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Amateur orchiding

I know I technically just made up a word (orchiding), but it’s my way of describing my everlasting love for phalaenopsis orchid plants. 😍 I currently own 8 orchids and they’re all mini-sized. I would love big regular sized orchid with large blooms but I just have nowhere to put such a large potted plant on one of my room desks, unless I were to designate a spot by throwing away some belongings. That’s why I tend to buy the mini ones as they take up less space and it’s easier to pick sitting areas for them.

One of my newer orchids in full bloom. Many of her buds were not yet open at the time I took her home with me.

In the past, I ended up unintentionally killing two orchids. It’s embarrassing to recall all the mistakes I made. I think I am still learning the more I care for my orchids.

My latest baby. Usually the buds start opening within days of purchase, though I guess this little lady is not ready yet.

One unfortunate mistake I made repeatedly was watering the plants directly after bringing them home from the store without checking their roots first to determine if they already had enough moisture. Overhydration of the roots causes root rot, which is an apt term for when the roots start to turn mushy and black. An orchid without a healthy root system is not a happy orchid. Just because it has flowers does not mean it’s not stressed.

The grayish hue of the roots indicates it is dry and needs a watering soon. They turn a vibrant green when moist. Note the light green roots, which are new roots coming in.

Another repeated error I didn’t realize I kept making was raising the water level too high during plant watering days and cause the base of the orchid crown to also be dipped in it. This caused the crown to begin rotting, and you orchid enthusiasts out there know when the crown dies, the plant is doomed.

I’ve managed to revive two of my orchids from the brink of death by the method of full water culture, though they’ve not gotten back to 100% full strength yet. I honestly had doubts earlier this year when I was reading about the technique but I knew I had to do something since my orchids did not appear to be doing well in their sphagnum moss, perlite, charcoal, and bark mixture. I remember starting off by taking the orchids from their potting mixture and letting their roots air dry for a few days. I got a bunch of those cheap plastic clear cups from the dollar store and filled up two with some water at the bottom, just enough so by putting the orchid roots in it, they would be getting hydrated all the time. I didn’t document everything closely but it was estimated to be around springtime 2018 I did all this.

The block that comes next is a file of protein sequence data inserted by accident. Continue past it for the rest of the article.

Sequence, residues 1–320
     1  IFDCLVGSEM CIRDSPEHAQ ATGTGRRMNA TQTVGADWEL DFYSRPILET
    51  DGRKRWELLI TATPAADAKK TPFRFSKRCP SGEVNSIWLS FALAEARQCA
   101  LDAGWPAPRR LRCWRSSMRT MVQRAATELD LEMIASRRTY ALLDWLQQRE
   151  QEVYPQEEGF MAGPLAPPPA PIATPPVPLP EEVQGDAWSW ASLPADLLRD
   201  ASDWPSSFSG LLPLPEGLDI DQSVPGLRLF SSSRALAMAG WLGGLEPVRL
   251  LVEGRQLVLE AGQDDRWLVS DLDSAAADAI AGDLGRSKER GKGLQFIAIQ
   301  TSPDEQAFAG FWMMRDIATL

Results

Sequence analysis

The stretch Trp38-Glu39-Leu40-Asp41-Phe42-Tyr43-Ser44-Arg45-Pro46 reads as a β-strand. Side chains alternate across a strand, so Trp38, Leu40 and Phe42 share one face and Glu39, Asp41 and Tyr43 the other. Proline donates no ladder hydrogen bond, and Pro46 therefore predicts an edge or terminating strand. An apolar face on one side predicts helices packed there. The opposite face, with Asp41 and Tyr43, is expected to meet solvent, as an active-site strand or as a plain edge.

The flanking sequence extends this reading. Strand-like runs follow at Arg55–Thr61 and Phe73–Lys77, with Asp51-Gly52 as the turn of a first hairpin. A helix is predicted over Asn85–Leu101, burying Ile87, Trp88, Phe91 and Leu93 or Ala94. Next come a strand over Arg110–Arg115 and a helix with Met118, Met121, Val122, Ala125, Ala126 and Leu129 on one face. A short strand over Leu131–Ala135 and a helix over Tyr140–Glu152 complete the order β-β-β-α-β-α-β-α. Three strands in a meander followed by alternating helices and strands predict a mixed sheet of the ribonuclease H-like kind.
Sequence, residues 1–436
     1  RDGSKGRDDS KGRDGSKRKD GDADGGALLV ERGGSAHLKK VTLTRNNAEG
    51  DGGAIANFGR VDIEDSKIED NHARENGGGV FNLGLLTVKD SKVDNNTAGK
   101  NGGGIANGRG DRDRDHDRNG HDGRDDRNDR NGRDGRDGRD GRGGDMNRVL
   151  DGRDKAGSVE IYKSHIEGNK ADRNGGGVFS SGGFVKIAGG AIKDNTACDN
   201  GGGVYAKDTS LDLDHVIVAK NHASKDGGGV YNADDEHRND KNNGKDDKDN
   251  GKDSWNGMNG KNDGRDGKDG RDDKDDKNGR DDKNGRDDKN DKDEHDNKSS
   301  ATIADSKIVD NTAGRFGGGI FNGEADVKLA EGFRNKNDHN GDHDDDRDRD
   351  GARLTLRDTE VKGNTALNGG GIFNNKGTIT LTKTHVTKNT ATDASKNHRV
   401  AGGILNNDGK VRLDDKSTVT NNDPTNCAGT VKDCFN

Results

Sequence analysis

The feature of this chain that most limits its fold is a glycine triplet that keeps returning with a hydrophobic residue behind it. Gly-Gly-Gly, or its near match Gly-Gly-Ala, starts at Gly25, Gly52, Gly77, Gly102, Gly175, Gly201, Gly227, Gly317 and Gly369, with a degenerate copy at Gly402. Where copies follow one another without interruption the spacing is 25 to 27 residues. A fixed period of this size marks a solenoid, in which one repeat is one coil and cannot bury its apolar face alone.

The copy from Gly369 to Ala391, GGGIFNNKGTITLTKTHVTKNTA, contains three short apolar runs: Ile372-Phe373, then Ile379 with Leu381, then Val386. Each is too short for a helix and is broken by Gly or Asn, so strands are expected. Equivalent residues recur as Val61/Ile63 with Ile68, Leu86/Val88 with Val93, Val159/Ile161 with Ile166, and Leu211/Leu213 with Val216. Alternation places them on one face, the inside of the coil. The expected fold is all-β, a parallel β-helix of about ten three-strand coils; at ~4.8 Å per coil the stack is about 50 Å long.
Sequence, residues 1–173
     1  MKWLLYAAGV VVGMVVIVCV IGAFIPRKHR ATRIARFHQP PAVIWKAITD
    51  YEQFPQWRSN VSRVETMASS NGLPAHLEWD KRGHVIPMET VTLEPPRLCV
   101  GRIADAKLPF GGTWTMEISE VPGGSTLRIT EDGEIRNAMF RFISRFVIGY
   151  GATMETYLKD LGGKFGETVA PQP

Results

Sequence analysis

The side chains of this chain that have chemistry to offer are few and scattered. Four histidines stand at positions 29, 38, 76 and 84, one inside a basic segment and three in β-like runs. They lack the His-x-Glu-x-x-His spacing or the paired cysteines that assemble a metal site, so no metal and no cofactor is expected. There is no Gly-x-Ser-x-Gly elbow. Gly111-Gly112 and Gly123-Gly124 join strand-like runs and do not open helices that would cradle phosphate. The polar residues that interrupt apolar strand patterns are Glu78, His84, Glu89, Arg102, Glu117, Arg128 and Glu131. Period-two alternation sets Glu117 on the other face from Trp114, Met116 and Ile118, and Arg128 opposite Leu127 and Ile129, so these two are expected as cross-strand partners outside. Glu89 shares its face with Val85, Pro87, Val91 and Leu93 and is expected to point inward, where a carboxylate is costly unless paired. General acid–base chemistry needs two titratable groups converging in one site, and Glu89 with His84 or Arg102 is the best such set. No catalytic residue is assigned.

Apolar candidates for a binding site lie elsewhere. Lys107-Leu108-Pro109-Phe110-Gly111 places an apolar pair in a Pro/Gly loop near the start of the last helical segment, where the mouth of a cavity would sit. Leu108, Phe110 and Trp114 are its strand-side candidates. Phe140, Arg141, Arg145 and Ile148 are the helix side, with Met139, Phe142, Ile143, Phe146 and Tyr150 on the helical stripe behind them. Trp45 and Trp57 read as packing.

She has roots but isn’t out of the woods yet. The green root in the water was actually way longer but in the last month, it rotted so I had to cut it off. 😔

I was honestly expecting nothing to happen after a whole winter of dormancy when the orchids were still in the potting mix. Maybe it was the right time because of the warming temperature and more sunshine combined with the effectiveness of water culture, I don’t know. But it worked. It wasn’t like an overnight miracle, of course, the orchids needed time to adjust to the changes. Sure enough, they sprouted new roots. At the start of the water culture transition, both orchids only had one or two viable green roots. It was an exciting time to watch the shoots get longer every day. During the summer I tried to be careful not to expose them to too much sun. Their window spot had no coverage unless I pulled the curtains out.

The light greenish tips of the roots indicate new growth. I am surprised she is still growing in winter.

I am not sure when these two orchids will ever flower again. It may be another year before their root systems are strong enough to allow them to grow flower stalks. A less patient person might have chucked these orchids into the trash a long time ago because they wouldn’t flower but I am proud that I could help breathe new life into plants that were almost on their last legs. I think I am only good at rearing orchids, though, since I’ve attempted to raise succulents and even a moon cactus but never successfully.

9 thoughts on “Amateur orchiding

  1. Thank you for this! I didn’t know that about the root color and watering. You’ve reinvigorated my desire to keep orchids. My last one died when I left for vacation and turned the house AC off in the peak of summer. 🤦🏼‍♀️

    Liked by 1 person

  2. This sounds like a nice project. I also heard that orchids are really hard to take care of. My mom likes them but kills them all the time, so it’s all a learning process 🙂 the pictures are beautiful by the way!

    Liked by 1 person

    1. Yep, it takes some time to get used to caring for orchids with different issues. I have yet to try adding fertilizer to an orchid to encourage more root growth. I’m really scared I’ll do something wrong and cause the existing roots to die. 😦

      Liked by 1 person

      1. It’s such a good practice in care, patience, and knowing thyself (I felt like that was appropriate to use here lolol). Ah, yeah, roots seem sensitive >< but I guess better to try it now than later when you're really immersed or feeling close to the orchid? Watch all the YT videos!


    1. I’ve seen some marketed in stores as “easy to care for” (as in that is what it actually said on the price tag) but it was only after so much trial and error that I know they can be fussy plants.

      Liked by 1 person

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